Having glimpsed a bit of the unseemly underbelly of partisan politics even here in our tiny village, I will take my time to decide which party and candidates I will support. I am, however, looking forward to voting in my first national election in the not-too-distant future.
Yesterday our village held its monthly luncheon at one of the local restaurants that will close for winter in a few weeks. (The dish served to all was aioli, and while delicious, made for a garlicky and none-too-restful night, let me tell you.) Before the food was served, I was asked to stand and was congratulated for becoming a French citizen. (Mr Mo is at a conference in the U.S., and Youngest is ostensibly studying in Aix-en-Provence this weekend.) Then we all sang La Marseillaise... well. I know the chorus, of course, but I was teased that my singing of the verse resembled former president Jacque Chirac's blah-blah stumbling.
So last night I did what I should have done before going to lunch yesterday: I learned the (first) verse — thoroughly:
Allons, enfants de la Patrie! Le jour de gloire est arrivé:
Contre nous de la tyrannie l'étendard sanglant est levé!
(L'étendard sanglant est levé!)
Entendez-vous dans les campagnes mugir ces féroces soldats?
Ils viennent jusque dans vos bras, égorgir vos fils, vos compagnes!
Aux armes, citoyens! Formez vos bataillons!
Marchons, marchons, qu'un sang impur abreuve nos sillons!
...And if you think the Star-Spangled Banner is too warlike, it's got absolutely nothing on La Marseillaise (my translation, not word-for-word):
Let's go, children of the fatherland! The day of glory has arrived:
The bloody banner of tyranny is raised against us!
(The bloody banner is raised!)
Do you hear the roar of the ferocious soldiers in the fields?
They are coming right into your arms to slit the throats of your sons and your wives!
To arms, citizens! Form your batallions!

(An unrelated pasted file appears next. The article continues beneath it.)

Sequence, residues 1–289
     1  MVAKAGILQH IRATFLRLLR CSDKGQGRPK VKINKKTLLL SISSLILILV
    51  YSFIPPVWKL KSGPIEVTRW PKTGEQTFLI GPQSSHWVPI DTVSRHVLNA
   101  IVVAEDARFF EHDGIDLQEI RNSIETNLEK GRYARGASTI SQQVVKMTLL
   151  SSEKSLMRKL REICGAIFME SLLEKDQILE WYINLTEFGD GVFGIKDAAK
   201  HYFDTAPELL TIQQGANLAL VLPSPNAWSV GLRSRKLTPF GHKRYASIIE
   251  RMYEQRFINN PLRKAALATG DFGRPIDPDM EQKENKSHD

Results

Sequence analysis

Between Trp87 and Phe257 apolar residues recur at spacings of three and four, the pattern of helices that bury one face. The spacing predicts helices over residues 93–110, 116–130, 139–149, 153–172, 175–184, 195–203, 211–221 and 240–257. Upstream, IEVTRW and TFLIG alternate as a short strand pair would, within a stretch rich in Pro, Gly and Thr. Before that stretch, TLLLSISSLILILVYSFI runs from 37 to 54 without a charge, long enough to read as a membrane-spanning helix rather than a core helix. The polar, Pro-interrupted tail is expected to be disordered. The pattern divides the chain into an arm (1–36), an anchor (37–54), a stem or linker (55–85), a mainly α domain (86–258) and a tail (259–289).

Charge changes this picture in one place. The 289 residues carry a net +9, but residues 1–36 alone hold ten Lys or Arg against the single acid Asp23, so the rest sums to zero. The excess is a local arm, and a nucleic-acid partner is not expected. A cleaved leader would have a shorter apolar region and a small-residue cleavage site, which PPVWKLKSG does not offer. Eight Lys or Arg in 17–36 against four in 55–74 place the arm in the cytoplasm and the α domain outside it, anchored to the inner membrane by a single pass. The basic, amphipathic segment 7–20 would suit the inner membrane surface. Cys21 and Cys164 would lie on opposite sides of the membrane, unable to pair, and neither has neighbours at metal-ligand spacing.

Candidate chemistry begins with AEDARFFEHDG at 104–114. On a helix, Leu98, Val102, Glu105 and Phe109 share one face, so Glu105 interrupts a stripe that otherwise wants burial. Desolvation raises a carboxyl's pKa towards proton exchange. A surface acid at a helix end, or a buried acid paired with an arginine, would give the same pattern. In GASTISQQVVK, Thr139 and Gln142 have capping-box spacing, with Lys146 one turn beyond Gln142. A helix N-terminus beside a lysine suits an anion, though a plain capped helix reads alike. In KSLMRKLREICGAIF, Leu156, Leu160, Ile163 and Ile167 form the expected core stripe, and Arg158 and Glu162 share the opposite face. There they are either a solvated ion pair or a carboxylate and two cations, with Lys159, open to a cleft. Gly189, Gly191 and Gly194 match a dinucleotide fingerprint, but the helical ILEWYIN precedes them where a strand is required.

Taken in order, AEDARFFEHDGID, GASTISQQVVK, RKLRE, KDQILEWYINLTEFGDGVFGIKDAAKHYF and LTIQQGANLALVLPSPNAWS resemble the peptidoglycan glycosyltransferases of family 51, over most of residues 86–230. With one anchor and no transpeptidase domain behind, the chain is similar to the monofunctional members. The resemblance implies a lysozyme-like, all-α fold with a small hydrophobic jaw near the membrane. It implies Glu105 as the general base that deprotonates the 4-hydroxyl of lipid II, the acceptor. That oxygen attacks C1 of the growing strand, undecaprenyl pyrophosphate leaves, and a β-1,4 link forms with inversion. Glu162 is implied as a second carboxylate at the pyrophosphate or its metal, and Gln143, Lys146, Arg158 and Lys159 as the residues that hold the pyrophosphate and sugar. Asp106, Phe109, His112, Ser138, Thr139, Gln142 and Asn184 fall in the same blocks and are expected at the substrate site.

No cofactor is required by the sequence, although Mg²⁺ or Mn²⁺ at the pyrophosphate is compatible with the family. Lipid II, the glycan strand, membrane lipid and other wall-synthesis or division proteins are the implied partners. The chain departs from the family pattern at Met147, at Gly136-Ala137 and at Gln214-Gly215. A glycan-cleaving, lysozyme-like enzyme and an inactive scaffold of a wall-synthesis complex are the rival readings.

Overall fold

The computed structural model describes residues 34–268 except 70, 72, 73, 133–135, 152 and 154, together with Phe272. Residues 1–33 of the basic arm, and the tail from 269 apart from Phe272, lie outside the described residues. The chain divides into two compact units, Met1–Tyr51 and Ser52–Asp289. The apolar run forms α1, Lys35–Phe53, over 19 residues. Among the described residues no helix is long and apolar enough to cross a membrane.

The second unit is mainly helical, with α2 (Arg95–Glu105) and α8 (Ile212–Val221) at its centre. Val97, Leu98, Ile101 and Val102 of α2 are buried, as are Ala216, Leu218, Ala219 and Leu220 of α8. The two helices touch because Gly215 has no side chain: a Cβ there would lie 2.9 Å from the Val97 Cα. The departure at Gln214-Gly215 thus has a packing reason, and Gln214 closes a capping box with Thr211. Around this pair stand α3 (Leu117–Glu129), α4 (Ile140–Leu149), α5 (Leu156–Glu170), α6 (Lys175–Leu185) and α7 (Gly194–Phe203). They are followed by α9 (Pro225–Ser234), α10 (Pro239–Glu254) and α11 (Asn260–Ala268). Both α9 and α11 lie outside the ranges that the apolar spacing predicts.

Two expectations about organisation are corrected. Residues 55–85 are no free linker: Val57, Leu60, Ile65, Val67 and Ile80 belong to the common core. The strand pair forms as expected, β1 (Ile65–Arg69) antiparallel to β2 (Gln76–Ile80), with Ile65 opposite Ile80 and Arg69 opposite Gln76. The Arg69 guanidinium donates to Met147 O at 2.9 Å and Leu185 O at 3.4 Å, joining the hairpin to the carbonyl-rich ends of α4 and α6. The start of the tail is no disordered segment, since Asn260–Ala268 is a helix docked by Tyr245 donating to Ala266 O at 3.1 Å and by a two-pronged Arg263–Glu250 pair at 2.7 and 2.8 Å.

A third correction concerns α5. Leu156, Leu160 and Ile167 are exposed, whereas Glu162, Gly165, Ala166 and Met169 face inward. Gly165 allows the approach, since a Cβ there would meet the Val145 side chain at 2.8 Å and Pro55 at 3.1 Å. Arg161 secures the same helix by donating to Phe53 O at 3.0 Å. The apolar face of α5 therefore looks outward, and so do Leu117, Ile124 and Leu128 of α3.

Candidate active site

Let's march, let's march — so that the impure blood [of our foes] stains our fields.
Some of the other six or seven verses are even more graphic. Fortunately, nobody knows them, or at least never sings them, kind of like the other three verses of our national anthem (although I am proud to say that do know the fourth verse thereof).
As I was learning the verse to La Marseillaise and inwardly recoiling at the words, I looked up the history behind it and reflected upon how many times France has been invaded: this call to arms was not some symbolic pseudo-patriotic cant, it was based on a real need to defend one's home and family from destruction and brutal oppression. Call me weepy and sentimental, but now, knowing this history, I choke up at the chorus, just as I choke up singing the Star-Spangled Banner (fourth verse especially!) and even more when I sing America the Beautiful (which would be my choice for national anthem).
Well. I should be working (never-ending and always-looming deadlines these days), and this diary has gotten too long as it is.
I am happy that we have been granted French citizenship. Our Stateside children, jealous though they be, have expressed relief: we are no longer in danger of finding ourselves "invited" at the end of a finite residency period to leave this country that we have grown to love. We will continue to pay our French taxes and charges and to benefit from the excellent health care here, even as we try to help America finally get its act together and catch up to the rest of the civilized world in this regard.
To end: sometime in 2002 or so, about a year after our arrival in France, I happened to be driving on the beltway in the greater Grenoble area, and saw this sign: Vous êtes sur la Rocade Sud ("you are on the southern beltway"). And for some reason, the message on that sign spoke to me forcefully enough to bring tears to my eyes: "I— yes, I am on the Rocade Sud." I was actually there, in France, part of France. It was an overwhelming feeling. That's how I feel now, as I write these words—I am now both a French citizen and an American citizen.